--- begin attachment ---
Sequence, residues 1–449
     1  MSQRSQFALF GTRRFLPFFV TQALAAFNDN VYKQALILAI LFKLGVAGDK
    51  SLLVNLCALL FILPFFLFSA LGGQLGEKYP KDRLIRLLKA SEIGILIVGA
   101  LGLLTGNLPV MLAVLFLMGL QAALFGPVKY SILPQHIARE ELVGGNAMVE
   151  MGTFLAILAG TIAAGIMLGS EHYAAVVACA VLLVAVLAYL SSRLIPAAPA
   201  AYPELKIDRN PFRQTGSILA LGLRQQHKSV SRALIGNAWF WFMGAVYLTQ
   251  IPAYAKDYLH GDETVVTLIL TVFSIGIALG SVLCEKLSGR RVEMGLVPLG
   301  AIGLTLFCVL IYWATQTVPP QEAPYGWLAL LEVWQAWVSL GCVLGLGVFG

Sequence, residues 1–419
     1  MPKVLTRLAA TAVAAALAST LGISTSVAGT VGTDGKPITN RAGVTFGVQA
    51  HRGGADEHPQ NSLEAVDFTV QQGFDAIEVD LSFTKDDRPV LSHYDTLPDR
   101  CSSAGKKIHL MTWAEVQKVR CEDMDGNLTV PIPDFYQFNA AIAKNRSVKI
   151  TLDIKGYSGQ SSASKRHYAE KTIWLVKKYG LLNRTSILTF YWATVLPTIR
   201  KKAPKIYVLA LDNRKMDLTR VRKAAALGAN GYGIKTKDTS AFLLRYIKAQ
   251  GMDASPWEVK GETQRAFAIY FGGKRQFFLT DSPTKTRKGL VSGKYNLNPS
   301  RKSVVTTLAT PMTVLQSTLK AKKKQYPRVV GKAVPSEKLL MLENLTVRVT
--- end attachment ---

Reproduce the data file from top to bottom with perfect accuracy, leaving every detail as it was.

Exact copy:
Sequence, residues 1–449
     1  MSQRSQFALF GTRRFLPFFV TQALAAFNDN VYKQALILAI LFKLGVAGDK
    51  SLLVNLCALL FILPFFLFSA LGGQLGEKYP KDRLIRLLKA SEIGILIVGA
   101  LGLLTGNLPV MLAVLFLMGL QAALFGPVKY SILPQHIARE ELVGGNAMVE
   151  MGTFLAILAG TIAAGIMLGS EHYAAVVACA VLLVAVLAYL SSRLIPAAPA
   201  AYPELKIDRN PFRQTGSILA LGLRQQHKSV SRALIGNAWF WFMGAVYLTQ
   251  IPAYAKDYLH GDETVVTLIL TVFSIGIALG SVLCEKLSGR RVEMGLVPLG
   301  AIGLTLFCVL IYWATQTVPP QEAPYGWLAL LEVWQAWVSL GCVLGLGVFG

Sequence, residues 1–419
     1  MPKVLTRLAA TAVAAALAST LGISTSVAGT VGTDGKPITN RAGVTFGVQA
    51  HRGGADEHPQ NSLEAVDFTV QQGFDAIEVD LSFTKDDRPV LSHYDTLPDR
   101  CSSAGKKIHL MTWAEVQKVR CEDMDGNLTV PIPDFYQFNA AIAKNRSVKI
   151  TLDIKGYSGQ SSASKRHYAE KTIWLVKKYG LLNRTSILTF YWATVLPTIR
   201  KKAPKIYVLA LDNRKMDLTR VRKAAALGAN GYGIKTKDTS AFLLRYIKAQ
   251  GMDASPWEVK GETQRAFAIY FGGKRQFFLT DSPTKTRKGL VSGKYNLNPS
   301  RKSVVTTLAT PMTVLQSTLK AKKKQYPRVV GKAVPSEKLL MLENLTVRVT